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Helping AMA healthcare workers get course credit faster

The brief

“TXI orchestrated this thing really, really well. All of the communication infrastructure was already built out, and it felt really natural.”

Daniel Pickhardt, Director of New Product Development at the JAMA Network

The American Medical Association (AMA) is one of the oldest—and largest—professional organizations in the United States. Representing nearly 300,000 physicians and medical students, the AMA supports its members by helping them achieve their continuing medical education (CME) and maintenance of certification (MOC) requirements.

For years, the AMA’s Ed Hub platform has played a central role here: it’s where members take courses for CME credits or MOC points. But if a physician was board-certified in three different states, they’d have to manually report completed courses to every state medical board. That meant more time spent on administrative work and less time treating patients.

What’s more, Ed Hub records weren’t always up to date—a common problem when a member earned credits as a student and a resident using two separate accounts. They had to call or email the AMA for support to update their record.

The AMA wanted to make life easier for its members. The vision: optimize Ed Hub’s back end to automatically share and update CME and MOC data. To translate that vision into reality, the organization turned to TXI.

The challenge

Right data, right member, right system

(Warning: prepare for acronym overload!) The AMA had already integrated Ed Hub with one third-party system to share MOC credits or activities with certain state and specialty medical boards. Now, the AMA also wanted to directly send CME activity data to other LMSes that members used for CME. That meant our team needed to…

  • Pull data from various Ed Hub programs (for medical students, residents, fellows, and certified physicians).

  • Reconcile data across multiple accounts—crucial for that student-to-resident use case where the same person has multiple emails.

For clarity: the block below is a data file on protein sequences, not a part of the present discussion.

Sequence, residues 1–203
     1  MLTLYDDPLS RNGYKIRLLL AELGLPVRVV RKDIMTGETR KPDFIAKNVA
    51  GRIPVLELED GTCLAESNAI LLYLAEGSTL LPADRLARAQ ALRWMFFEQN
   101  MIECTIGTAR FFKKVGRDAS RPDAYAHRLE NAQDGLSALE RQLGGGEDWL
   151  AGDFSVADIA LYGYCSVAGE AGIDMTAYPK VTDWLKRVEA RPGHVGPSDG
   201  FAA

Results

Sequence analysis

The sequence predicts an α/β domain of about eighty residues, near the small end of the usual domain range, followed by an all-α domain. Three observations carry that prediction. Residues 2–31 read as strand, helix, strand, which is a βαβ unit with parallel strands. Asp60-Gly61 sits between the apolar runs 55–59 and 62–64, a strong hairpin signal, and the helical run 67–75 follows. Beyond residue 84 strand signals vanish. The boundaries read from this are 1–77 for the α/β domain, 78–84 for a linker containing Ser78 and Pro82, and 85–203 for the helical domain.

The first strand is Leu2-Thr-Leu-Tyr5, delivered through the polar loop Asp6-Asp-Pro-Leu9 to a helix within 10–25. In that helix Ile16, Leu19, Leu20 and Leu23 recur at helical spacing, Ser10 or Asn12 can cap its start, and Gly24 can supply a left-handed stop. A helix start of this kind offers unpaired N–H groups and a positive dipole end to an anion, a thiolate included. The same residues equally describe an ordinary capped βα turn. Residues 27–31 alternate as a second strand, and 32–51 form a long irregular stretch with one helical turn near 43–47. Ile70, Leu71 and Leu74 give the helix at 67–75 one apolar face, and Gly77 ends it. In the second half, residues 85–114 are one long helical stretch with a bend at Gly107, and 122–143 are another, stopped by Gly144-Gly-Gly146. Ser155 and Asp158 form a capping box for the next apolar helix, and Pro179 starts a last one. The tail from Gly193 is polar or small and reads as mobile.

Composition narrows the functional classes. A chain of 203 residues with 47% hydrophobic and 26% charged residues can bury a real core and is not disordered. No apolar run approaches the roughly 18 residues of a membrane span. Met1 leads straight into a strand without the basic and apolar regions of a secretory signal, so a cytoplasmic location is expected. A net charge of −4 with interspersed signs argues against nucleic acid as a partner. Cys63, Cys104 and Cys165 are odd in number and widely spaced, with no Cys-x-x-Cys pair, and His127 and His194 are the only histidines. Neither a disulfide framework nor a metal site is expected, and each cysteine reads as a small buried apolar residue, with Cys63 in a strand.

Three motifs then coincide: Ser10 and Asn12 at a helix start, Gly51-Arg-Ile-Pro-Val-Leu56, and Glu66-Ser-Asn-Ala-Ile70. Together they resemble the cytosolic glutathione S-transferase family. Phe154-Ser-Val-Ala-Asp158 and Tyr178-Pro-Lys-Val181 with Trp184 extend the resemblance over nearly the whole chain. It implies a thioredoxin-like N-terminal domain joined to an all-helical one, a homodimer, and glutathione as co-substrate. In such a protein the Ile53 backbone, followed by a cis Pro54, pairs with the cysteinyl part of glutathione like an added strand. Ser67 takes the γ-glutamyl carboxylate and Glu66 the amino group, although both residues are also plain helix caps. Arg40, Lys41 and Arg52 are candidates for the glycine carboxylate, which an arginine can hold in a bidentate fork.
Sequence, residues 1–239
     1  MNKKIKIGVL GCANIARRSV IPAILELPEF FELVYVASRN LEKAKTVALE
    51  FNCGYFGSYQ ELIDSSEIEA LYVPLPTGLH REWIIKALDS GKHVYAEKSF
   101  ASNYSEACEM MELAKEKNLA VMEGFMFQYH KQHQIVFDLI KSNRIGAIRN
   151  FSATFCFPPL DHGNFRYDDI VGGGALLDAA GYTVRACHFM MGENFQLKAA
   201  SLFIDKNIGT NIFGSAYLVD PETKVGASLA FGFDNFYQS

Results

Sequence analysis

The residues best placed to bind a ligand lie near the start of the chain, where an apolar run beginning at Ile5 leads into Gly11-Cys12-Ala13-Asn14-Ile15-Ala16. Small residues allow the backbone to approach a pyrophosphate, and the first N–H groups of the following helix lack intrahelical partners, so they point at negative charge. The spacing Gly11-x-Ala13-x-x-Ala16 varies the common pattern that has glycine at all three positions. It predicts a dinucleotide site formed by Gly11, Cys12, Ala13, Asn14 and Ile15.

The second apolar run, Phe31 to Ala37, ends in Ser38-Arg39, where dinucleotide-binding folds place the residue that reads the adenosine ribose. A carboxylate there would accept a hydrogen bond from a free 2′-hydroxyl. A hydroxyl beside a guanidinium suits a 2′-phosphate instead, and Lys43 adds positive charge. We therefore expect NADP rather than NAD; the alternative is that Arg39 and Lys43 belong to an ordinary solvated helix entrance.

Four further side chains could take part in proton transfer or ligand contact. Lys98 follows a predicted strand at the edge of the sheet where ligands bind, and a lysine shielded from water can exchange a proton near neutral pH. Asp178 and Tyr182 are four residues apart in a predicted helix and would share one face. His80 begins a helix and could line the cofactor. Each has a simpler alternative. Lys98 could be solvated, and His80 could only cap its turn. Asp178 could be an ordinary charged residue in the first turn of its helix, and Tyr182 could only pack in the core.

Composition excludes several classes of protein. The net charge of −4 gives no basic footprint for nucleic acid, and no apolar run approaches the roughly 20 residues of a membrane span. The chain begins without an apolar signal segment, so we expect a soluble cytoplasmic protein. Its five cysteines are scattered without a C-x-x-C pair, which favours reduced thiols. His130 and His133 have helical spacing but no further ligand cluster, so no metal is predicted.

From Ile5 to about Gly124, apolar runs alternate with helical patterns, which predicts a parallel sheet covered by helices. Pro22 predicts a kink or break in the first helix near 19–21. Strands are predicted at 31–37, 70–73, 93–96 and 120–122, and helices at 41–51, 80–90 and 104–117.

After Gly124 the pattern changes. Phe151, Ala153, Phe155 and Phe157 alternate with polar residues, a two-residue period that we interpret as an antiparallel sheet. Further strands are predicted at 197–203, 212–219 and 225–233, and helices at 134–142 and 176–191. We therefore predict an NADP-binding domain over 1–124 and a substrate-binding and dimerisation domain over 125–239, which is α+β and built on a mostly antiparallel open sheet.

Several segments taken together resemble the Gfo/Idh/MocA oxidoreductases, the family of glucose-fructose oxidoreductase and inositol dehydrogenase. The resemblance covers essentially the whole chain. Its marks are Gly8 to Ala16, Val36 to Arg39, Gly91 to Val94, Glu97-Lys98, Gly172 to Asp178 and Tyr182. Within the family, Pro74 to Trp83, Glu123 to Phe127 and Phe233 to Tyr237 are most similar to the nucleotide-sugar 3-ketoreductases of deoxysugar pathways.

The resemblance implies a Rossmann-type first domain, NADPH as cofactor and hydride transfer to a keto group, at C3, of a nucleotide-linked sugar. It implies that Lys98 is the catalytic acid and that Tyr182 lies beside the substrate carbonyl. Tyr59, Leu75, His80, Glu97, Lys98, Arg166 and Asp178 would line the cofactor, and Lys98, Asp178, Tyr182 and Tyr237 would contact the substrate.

• Share data with the right LMS and the right medical boards.

There were also a few logistical aspects to consider. The AMA is a sprawling organization, with stakeholders in every department from legal to IT. To make Ed Hub a more helpful tool for members, we needed to embrace a shared strategy—and move in lockstep at every stage of development.

TXI really invested in understanding our universe. They dove in really hard to understand the market. It was a great way to start the process.

Daniel Pickhardt, Director of New Product Development at the JAMA Network

The solution

Auto-reporting through integrations (and no more Wednesday meetings!)

TXI and the AMA worked together to integrate Ed Hub with multiple LMSes, including Absorb. In particular, we focused on sharing CME data from two Ed Hub programs: UCEP and GCEP. This way, when a graduate completes a CME activity in Ed Hub, it's automatically reported to Absorb to count towards their curriculum.

Throughout our partnership, we looked for opportunities to strengthen the ties on our blended team. The more collaboration and trust we could build, the faster we could upgrade Ed Hub and ease the burden on AMA members.

In practice, that involved lots of experimentation to find a working and communication style that satisfied everyone. We…

  • Tested new collaborative tools. Miro boards were a big hit: they helped us visualize everything from dev progress to upcoming PTO. They also helped ensure we were solving the right problem. To that end, we used Miro to create flowcharts, ideate, brainstorm, and gut-check solutions, planning, and progress.

  • Embraced operational best practices. We set a steady release schedule, for instance, to maintain a healthy pace of work.

  • Dropped what wasn’t working. For example, we cut Wednesday meetings to give folks more time for deep work.

These incremental changes helped us work faster and better together. And over time, our relationship evolved into a robust strategic partnership that could nimbly support the needs of AMA members and internal stakeholders.

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The outcome

Less admin work for healthcare professionals—and a strategic partnership

Today, AMA members can automatically share CME credits and MOC points with 15 medical boards—and the list is only growing.

But our work isn’t over. Going forward, we want to make it easier to merge Ed Hub accounts and reconcile CME data. This way, members can transition from medical school to residency or from state to state without “losing” credits in the shuffle.

We also want to create a single source of truth for all CME activities offered by Ed Hub, not just coursework. So when a member attends a conference or presents a clinical case, they’ll be able to log that in Ed Hub and share the activity with the right boards.

As we’ve made headway on these projects, the AMA has turned to TXI to tailor each solution to the right problem. They’ve even invited us to Chicago on-sites so we can collaborate in person. The overarching goal: working together to build a headache-free user experience.

If you have a similar vision at your organization, let’s talk—we’d love to start a conversation.

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